The intangible authenticity provided by student interaction on a campus visit is priceless.  The recruitment staff, campus tour guides, print & broadcast college advertisements are all great ways to expose people to the existence of HBCUs, but I think any HBCU student, employee, or alum would agree that if you have the opportunity to step foot on the physical campus, you should take that chance.  That first step on an HBCU campus means more to the Black community than astronauts landing on the moon. The supposed “one giant leap” for mankind did not change much in daily lives of those living in Black neighborhoods; when a Black youth steps foot on an HBCU campus, however, their stories and experiences directly encourage their peers and bring pride to the elders of their communities.

HBCU Voyager with Oakwood University students at the OU bookstore

Photo from 2011 with Oakwood University students at the bookstore

Because of their often sub-par K-12 academic experiences and poverty-level socio-economic backgrounds, many HBCU students project a deep sense of gratitude and high level of self-efficacy that they attribute to their institution.  In essence, Black people in America go through a test every day, and by attending an HBCU African American youth are intentionally equipped with the tools, skills, and cultural capital necessary to survive life’s test with their heads held high; as a result, HBCUs are credited in most alums’ testimonies about how “they made it.”  I’ve found it to be an amazing experience to hear and receive these testimonies from the students while they are in the midst of receiving their psychological, intellectual, and oftentimes spiritual healing through their individual Black College Experiences.

HBCU Voyager with Concordia College student

Close-up with Concordia College student

A small group of  visited the campus of the first Black institution that developed into what we call HBCUs. Cheyney University of Pennsylvania is located outside of Philadelphia on land donated over a century ago by a farmer named Cheyney.  Settled in the small town of Chester, Cheyney is a quiet place surrounded by farm land and a growing housing development.
Carl and Casta at CheyneyCarl and JT at Cheyney
The campus is lined with light posts waving the banners of famous Cheyney alumni like Ed Bradley and former leaders of the institution. Walking the paved walkways on a self-guided tour, my colleagues and I stopped in the student center first and had lunch in the cafeteria. Inside we met students from Philadelphia and other parts of Pennsylavania who happily talked about their majors and reasons for attending Cheyney. Interestingly, the students we spoke with had both transferred in to the university from other colleges and were eager to take full advantage of the HBCU experience. After eating, we looked around the cafeteria at the large pictures of Black people dawning the walls and the student feedback/staff response forms posted near entrance. It was great to see how open the university was to student feedback and how they posted the  anonymous feedback with signed responses from the staff that directly addressed the students’ questions and comments.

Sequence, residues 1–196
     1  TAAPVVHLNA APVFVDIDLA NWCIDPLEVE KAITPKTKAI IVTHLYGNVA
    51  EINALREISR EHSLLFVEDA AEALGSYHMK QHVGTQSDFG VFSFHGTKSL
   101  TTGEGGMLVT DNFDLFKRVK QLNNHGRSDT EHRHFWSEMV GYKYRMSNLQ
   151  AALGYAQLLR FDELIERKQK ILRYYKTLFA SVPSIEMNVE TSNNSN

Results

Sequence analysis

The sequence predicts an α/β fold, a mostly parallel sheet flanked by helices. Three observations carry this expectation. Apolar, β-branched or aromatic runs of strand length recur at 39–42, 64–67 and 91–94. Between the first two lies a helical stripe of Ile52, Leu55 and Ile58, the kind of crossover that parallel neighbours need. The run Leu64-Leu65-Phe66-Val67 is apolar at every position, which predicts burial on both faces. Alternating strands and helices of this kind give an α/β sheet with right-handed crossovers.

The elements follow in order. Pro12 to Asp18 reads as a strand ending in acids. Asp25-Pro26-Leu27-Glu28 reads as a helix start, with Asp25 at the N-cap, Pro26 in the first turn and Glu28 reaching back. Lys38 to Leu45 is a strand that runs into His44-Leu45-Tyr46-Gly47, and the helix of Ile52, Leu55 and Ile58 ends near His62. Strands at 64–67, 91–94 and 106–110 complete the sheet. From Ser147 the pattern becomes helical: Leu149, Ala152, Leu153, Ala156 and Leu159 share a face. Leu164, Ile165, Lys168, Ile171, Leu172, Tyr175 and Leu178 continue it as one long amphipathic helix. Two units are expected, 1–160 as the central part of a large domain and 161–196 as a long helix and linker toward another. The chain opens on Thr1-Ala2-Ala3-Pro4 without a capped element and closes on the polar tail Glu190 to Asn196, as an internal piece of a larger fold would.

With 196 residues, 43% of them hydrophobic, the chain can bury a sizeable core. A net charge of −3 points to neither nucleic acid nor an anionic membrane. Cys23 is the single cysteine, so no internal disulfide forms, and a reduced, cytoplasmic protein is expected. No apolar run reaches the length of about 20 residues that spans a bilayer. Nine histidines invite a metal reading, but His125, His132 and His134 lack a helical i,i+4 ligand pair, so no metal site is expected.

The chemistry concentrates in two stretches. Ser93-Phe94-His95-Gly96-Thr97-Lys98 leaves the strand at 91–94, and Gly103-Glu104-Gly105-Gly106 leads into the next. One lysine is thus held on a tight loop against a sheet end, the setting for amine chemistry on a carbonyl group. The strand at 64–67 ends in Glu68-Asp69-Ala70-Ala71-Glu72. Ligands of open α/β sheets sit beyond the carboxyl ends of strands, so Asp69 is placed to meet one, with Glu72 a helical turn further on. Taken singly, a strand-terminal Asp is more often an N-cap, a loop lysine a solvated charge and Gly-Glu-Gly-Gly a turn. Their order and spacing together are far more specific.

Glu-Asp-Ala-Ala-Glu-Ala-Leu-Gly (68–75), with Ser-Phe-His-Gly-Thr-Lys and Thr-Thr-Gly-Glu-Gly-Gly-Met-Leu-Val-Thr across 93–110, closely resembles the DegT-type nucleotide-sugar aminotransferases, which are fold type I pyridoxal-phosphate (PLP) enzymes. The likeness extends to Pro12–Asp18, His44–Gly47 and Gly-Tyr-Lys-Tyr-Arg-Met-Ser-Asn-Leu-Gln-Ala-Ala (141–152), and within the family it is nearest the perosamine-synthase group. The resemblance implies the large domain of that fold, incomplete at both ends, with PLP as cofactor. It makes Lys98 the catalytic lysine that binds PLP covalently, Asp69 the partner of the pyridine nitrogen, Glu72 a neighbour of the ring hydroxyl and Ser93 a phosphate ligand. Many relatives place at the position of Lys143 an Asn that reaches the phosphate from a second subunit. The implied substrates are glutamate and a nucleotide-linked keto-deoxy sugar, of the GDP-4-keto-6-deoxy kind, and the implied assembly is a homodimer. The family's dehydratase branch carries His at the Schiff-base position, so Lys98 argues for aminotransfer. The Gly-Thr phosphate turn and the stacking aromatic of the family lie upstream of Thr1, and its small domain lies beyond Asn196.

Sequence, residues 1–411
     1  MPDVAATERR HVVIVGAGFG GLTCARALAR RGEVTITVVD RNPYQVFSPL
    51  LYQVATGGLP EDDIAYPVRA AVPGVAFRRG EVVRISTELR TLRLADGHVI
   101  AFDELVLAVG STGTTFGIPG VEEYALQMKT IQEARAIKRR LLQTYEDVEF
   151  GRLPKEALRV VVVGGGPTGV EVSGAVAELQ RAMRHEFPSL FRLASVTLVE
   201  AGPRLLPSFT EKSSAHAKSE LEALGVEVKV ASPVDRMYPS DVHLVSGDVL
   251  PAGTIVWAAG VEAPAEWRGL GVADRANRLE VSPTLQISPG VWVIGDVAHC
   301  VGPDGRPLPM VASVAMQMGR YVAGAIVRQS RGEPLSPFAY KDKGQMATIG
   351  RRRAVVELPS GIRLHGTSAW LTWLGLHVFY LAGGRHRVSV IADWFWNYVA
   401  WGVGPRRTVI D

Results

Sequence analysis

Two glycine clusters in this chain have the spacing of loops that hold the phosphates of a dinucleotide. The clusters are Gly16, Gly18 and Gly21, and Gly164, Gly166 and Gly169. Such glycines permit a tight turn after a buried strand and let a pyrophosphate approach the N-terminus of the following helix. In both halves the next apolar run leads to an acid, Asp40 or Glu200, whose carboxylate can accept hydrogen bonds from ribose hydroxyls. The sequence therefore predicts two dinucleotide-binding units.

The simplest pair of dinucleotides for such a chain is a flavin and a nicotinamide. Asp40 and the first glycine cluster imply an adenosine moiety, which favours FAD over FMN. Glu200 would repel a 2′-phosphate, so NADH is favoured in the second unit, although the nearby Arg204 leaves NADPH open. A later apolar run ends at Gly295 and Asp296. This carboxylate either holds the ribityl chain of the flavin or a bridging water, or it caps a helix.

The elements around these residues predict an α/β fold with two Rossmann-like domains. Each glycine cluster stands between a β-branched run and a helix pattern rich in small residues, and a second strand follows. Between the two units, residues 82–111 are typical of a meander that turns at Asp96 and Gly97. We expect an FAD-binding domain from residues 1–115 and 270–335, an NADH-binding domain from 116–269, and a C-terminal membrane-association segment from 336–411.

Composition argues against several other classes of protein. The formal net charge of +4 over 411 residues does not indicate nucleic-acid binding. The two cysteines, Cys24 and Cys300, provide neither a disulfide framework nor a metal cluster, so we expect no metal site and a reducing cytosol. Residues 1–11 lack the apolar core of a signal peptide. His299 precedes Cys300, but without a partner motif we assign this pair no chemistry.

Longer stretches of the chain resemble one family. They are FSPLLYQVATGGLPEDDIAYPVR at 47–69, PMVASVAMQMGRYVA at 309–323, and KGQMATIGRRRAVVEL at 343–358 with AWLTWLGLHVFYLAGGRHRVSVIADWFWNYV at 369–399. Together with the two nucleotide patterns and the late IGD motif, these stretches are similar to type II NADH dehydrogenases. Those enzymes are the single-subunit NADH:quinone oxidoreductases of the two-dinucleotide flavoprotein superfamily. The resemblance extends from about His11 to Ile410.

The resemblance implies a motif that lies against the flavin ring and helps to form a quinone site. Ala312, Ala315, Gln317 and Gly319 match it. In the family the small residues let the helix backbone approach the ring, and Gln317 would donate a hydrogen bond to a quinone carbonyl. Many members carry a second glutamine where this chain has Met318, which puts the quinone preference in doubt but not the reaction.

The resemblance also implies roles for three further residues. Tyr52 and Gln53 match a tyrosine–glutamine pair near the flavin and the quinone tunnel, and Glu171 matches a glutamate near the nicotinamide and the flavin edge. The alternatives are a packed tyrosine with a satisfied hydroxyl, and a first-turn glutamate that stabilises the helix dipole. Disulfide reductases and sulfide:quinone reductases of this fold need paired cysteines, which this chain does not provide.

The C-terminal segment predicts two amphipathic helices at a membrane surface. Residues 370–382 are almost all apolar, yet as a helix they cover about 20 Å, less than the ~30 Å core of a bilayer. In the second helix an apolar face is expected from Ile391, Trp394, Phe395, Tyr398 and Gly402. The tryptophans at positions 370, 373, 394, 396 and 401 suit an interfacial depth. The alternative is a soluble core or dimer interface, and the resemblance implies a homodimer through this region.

Leaving the dining hall, The Yard was beginning to fill with the smells, sights, and sounds of student activity. A couple of student organizations were barbequing at their respective plots, one playing music from a portable sound system and another using the system from a car pulled up to the yard.  Beyond the bustle outside the modern campus center, the campus was quiet and distinctly historic. Most of the buildings near the yard were lined with stone resembling cottages of an earlier era. Further toward the outskirts of the campus, bricked academic buildings took on a more modern feel, and the sciences building stood out most of all with its aluminum casing, naturally filtered rainwater pond, and new greenhouse.

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My crew ended the tour at the library.  The main floor of the library featured student art, proclamations of Cheyney’s historic founding and its impact on higher education, as well as archival photos of early 19th century classes with some of Cheyney’s first students. Though it was a Sunday afternoon, there was a significant number of students in the library working on papers and reading. Upon leaving the library we marveled at the new residence center that was nearly the largest structure on campus, took pictures of our favorite spaces, and left the historic campus with a greater feeling of HBCU love and heritage.

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It was a good visit made even better by the fact that I was able to share it with my colleagues from the AERA Conference 2014, one of which had never toured an HBCU campus. How appropriate for the first HBCU campus tour to be of the first HBCU.

Carl Darnell – April 8, 2014
Insert pictures courtesy of Casta Guillome, Jeremy Snipes, and Carl Darnell

For more information about Cheyney, visit their website